by Marie Kauna – EMTV Online, Port Moresby
Trade development is a key driver to improving economic growth, employment opportunities and economic inequalities between the urban and the rural communities in and around the Pacific.
However, striving to achieve this outcome is one of the challenges that many island nations encounter.
Among numerous struggles, inadequate trade infrastructure and supply chain challenges are two primary trade issues that stop many from achieving this outcome, and as a result, the benefits are limited.
To help those struggling with trade facilitation and transport connectivity in the region, a week-long workshop is currently facilitated in Nadi, Fiji.
The workshop is on trade; transport facilitation and port efficiency aimed at helping the nations improve on these areas to achieve a sustainable trade development.
The opportunity will help enhance the participant’s knowledge on the progress of each individual economy based on shared experience through this workshop and allow them to learn from each other’s experience.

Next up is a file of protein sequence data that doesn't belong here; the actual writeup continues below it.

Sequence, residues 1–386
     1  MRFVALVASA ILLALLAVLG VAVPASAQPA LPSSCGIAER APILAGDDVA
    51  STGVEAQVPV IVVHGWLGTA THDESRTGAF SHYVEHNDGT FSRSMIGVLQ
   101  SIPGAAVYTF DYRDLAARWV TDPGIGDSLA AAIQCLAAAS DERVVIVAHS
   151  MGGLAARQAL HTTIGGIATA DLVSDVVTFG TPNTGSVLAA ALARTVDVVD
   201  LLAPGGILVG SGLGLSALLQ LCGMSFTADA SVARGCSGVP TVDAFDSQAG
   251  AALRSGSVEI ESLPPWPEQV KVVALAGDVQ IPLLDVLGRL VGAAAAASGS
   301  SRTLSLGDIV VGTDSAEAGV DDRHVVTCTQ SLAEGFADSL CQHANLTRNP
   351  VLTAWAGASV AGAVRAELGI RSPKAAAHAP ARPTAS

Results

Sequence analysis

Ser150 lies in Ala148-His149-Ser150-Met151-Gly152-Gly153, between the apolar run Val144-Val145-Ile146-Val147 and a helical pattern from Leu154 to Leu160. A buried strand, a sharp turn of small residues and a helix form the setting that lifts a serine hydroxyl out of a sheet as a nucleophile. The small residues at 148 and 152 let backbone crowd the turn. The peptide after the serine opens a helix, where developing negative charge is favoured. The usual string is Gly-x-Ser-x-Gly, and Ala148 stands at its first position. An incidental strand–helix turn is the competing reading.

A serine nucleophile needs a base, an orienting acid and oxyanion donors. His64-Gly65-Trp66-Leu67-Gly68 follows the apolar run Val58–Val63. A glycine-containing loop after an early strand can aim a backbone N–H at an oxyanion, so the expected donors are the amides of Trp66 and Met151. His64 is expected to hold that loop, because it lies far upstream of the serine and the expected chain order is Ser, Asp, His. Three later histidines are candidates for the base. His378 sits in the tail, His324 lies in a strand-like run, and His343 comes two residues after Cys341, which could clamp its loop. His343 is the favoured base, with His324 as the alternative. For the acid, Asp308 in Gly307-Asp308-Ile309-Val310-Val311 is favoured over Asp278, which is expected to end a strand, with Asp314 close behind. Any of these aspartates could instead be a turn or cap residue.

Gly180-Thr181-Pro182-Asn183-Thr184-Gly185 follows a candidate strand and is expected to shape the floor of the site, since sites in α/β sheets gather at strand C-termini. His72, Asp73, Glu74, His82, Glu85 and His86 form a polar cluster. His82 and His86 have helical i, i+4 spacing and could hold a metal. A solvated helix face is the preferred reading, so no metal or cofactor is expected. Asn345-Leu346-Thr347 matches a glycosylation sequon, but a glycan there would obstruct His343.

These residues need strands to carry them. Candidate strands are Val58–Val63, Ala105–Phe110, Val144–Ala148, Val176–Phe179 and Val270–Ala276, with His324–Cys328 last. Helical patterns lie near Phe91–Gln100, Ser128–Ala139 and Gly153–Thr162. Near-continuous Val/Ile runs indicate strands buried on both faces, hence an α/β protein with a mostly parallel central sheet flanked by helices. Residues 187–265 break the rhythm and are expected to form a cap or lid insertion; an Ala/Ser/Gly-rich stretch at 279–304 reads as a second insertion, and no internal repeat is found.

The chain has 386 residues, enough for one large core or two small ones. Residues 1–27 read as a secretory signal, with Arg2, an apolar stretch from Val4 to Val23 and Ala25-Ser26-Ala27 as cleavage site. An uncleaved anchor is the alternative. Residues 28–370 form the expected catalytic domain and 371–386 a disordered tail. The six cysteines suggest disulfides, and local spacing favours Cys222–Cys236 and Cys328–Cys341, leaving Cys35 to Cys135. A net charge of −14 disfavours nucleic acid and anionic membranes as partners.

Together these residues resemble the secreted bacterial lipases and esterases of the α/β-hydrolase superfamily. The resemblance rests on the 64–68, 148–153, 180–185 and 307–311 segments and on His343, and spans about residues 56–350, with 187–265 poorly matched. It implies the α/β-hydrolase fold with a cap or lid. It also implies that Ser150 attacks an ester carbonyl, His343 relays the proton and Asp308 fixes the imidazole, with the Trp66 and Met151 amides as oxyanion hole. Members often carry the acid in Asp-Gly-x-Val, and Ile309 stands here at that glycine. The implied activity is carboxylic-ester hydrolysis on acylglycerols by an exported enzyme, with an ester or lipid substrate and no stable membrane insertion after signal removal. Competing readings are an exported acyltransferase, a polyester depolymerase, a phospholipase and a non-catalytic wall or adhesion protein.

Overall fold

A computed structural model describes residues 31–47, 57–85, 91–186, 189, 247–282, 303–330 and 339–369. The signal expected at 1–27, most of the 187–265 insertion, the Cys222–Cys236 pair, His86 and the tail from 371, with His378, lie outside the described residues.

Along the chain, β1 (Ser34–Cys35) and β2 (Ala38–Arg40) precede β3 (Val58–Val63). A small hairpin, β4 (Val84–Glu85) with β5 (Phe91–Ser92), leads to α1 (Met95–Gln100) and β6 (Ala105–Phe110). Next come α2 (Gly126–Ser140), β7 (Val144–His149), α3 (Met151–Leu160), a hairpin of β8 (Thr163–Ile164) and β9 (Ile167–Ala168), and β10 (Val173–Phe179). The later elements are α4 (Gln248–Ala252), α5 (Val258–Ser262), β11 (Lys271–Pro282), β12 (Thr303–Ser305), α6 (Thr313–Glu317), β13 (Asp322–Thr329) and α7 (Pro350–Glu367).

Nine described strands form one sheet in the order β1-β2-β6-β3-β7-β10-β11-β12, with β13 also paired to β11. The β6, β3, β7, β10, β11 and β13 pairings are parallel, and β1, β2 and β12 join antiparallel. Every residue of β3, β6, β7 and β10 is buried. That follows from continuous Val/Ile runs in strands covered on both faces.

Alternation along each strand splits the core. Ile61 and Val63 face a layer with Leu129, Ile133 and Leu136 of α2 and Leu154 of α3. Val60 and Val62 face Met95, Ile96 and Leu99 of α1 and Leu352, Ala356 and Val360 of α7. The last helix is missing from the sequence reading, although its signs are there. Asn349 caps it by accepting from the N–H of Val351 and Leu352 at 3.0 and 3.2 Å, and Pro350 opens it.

This will highlight areas that need improvement and together will help them develop effective tools to guide, assist and enhance their trade connections, infrastructures and networks.
One of this includes the implementation of the amended Convention on Facilitation of International Maritime Traffic (FAL) which was adopted by the IMO’s FAL Committee in April 2016. The implementation of this will ensure both the current and emerging needs of the shipping industries are addressed accordingly.
According to Asian Development Bank (ADB) Director General for the Pacific Department, Xianbin Yao, the workshop will “boost trade competitiveness and eventually add significant value to the islands’ economies and support inclusive and sustainable development.”
With the aim of achieving a sustainable economic growth and sustainable development through trade, the workshop is organised by the Pacific Community and jointly supported by the International Monetary Organisation (IMO), Asian Development Bank (ADB) and the United Nations Economic and Social Commission for Asia and the Pacific (UNESCAP).
Participating officials from trade and transport, port authorities and customs ministries from 14 Pacific Island countries are attending this workshop. The workshop began yesterday and will this Friday.